The Leafs have a good mix of players for every line and have talent to spare when it comes to making deals. They would be better off trading MacArthur, in my opinion, because Kulemin has a better overall game even though he had an off-year.

    That would also give one of Frattin, Kadri or Colborne a shot on the second line, potentially put one on the third line and explore trade options with the other. The other four winger spots would most likely go to Crabb (hopefully re-signed), Brown, Komarov and Mueller.


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    NHL and NHL-Ready Defensemen

    Dion Phaneuf, Mike Komisarek, Carl Gunnarsson, Luke Schenn, Jake Gardiner, Cody Franson, John-Michael Liles, Juraj Mikus, Korbinian Holzer and Matt Lashoff

    It's a little harder to predict how the Leafs' defense will look come the start of the season. The players guaranteed to make the team would be Phaneuf, Gunnarsson, Schenn, Liles and Gardiner.

    Guys like Komisarek, Franson, Mikus, Holzer and Lashoff are more uncertain when it comes to making the roster. In my mind, the Leafs can afford to trade, at most, two of these guys to shore up some other positions. I would like to see Komisarek and Mikus/Holzer be the guys traded, but if one of Gunnarsson/Franson/Schenn gets traded, that would be acceptable, too.



    Looking at the Leafs' current prospect pool, they still have some good young, up-and-coming defensemen in Jesse Blacker, Stuart Percy and, if all rumors are true, Justin Schultz.

    Blacker has a lot of potential and is already a great two-way defenseman who could be another Gardiner in the waiting.

    Percy is another good young two-way defenseman who will be a top-four guy in the next two to three years.

    Lastly, the Leafs are rumored to be one of the front-runners when it comes to signing top defensive prospect Justin Schultz. Schultz was drafted by Anaheim in 2008, their next pick after selecting Jake Gardiner. Gardiner and Schultz were teammates at the University of Wisconsin as well as really good friends. It has also been said that he is really fond of Burke and Carlyle so if everything pans out, he would be a great signing for Toronto this offseason.



    The Leafs have a great group of defensemen right now, but they could afford to acquire a veteran presence, and there is no better position for veterans than on the blue line. Liles and Komisarek are veterans, but neither of them have a lot of playoff experience to help mentor the younger defensemen.

    Like I said before, they can afford to trade, at most, two of these guys, and I think they would be better off looking to move Komisarek and Franson/Gunnarsson. This would open up room on the roster for at least one other player: a veteran mentor or a young up-and-comer like Schultz.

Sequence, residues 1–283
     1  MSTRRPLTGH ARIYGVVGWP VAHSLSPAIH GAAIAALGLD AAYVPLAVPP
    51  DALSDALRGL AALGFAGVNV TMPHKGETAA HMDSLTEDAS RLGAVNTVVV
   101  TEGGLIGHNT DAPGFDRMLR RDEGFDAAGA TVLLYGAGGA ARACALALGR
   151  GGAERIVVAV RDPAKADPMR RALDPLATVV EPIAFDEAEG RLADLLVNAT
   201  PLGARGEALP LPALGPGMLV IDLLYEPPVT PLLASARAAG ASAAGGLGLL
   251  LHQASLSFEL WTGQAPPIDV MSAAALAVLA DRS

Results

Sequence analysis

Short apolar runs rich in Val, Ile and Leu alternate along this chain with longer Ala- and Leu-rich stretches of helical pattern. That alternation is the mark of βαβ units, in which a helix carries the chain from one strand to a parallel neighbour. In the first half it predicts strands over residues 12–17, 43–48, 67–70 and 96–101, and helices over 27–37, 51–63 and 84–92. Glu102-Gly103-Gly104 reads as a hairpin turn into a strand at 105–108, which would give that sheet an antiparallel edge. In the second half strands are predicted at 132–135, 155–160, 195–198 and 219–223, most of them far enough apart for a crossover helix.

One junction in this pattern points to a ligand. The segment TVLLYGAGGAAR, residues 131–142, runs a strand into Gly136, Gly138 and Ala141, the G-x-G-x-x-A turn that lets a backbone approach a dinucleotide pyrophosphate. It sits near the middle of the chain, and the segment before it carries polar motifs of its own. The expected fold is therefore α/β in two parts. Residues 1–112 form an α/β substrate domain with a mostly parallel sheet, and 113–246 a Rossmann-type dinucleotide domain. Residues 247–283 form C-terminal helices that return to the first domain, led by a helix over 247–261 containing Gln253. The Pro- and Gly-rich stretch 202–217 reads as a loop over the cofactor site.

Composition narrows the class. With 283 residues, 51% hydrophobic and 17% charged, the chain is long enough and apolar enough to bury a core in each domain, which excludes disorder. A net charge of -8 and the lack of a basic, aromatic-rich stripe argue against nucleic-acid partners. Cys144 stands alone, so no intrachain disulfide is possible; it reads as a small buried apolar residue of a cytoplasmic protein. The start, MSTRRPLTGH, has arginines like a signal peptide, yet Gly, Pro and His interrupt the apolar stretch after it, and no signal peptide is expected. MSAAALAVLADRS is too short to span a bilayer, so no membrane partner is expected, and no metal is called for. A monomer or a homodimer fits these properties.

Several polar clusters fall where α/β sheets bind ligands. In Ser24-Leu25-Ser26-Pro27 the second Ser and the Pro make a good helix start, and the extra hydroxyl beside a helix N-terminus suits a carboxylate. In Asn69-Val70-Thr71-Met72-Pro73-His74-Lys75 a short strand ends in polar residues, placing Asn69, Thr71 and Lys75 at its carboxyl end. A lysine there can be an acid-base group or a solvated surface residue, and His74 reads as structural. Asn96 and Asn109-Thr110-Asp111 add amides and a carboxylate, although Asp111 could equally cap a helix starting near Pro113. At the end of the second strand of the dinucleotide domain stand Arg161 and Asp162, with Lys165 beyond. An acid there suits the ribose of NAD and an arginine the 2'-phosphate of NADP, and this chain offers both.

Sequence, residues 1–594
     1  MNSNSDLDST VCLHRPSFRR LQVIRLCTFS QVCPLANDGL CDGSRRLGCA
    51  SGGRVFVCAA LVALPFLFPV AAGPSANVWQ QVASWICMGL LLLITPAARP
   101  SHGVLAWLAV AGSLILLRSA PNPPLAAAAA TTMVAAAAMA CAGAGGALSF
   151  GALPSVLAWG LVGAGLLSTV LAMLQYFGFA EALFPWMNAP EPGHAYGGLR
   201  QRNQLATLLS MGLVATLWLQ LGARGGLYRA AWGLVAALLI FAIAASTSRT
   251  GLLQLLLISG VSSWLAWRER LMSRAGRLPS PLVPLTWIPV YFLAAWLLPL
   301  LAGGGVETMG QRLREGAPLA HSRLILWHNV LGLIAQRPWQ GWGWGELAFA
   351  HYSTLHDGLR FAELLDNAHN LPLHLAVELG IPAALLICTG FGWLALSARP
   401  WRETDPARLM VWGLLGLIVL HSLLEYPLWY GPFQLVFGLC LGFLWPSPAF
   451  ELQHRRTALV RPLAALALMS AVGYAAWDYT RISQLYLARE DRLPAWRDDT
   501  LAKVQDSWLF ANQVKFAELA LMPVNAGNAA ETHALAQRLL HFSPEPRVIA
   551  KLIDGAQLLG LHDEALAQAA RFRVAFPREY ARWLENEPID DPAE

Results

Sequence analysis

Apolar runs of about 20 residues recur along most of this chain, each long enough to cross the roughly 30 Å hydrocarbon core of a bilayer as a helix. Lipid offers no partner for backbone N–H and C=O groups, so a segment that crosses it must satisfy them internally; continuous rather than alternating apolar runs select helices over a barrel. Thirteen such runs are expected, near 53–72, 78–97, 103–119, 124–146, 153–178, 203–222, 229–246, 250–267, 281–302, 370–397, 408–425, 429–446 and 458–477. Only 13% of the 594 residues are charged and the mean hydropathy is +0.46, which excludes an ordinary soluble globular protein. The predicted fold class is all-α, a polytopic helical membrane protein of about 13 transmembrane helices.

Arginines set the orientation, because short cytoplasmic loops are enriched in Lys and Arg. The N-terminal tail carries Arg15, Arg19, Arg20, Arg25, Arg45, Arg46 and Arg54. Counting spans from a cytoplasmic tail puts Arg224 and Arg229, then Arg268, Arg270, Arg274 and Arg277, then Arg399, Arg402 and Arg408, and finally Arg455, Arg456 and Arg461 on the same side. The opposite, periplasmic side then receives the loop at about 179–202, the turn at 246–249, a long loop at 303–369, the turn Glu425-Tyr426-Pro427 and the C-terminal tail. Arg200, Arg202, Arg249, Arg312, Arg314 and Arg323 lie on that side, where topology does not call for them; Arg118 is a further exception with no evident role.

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    NHL and NHL-Ready Goaltenders

    James Reimer, Ben Scrivens and Jonas Gustavsson

    James Reimer broke onto the scene back during the 2010-2011 season when he single-handedly almost got the Leafs into the playoffs, going 20-10-5 with a 2.60 GAA and a .921 save percentage. Not too shabby for a young goaltender playing in the NHL for the first time.

    This past season wasn't as spectacular for the youngster, being marred by an early concussion.

    Ben Scrivens was the one who stepped into the limelight last season. While his NHL numbers are not that great, what he's done in the AHL has been truly remarkable. Scrivens went 22-15-1 with a 2.04 GAA and a .926 save percentage during the regular season and followed that up with even more impressive numbers, going 11-5-0 with a 1.73 GAA and .941 save percentage in the AHL playoffs.  

    Gustavsson, on the other hand, has been a disappointment during his three-year tenure with the Leafs. He has shown flashes of brilliance from time to time, but his Toronto career has been constantly marred by injuries and inconsistency.

    Going forward, it would be smart for the Leafs to stick with Reimer and Scrivens.

    Both have shown they are capable of winning games and have the potential to be solid netminders in the future. It's very unlikely that both will start in the NHL. The Leafs will likely look for a veteran goalie capable of playing 30-40 games at least and use him to mentor James Reimer in the NHL and let Scrivens dominate another season in the AHL under the tutelage of Dallas Eakins. While there are not as many available veteran goalies as I would like, the Leafs still have plenty of options available going forward.



    When it comes to goaltending prospects outside of Reimer and Scrivens, the Leafs are still in very decent condition. Jussi Rynnas was signed just before the 2010-2011 season. He has a lot of raw potential but still has a lot of work to do before he is ready. He is a very low-risk project with very high rewards. Depending on what the Leafs decide to do with Reimer and Scrivens, Rynnas will either be the No. 2 guy behind Scrivens in the AHL or battle with another goaltending prospect in Mark Owuya if one of the aforementioned goalies are dealt.

    Mark Owuya is another low-risk, potentially high-reward signing made by Burke back in April 2011. Thought to be a low-risk depth signing, Owuya performed better than anyone would have expected this season. Owuya put up decent numbers in the ECHL, but he really upped his game in the small shot he was given with the Marlies, going 11-5-1 with a 1.94 GAA and a .929 save percentage. While Owuya will have to wait a while before seeing any time in the NHL, he could develop enough to be packaged away in deals with other teams.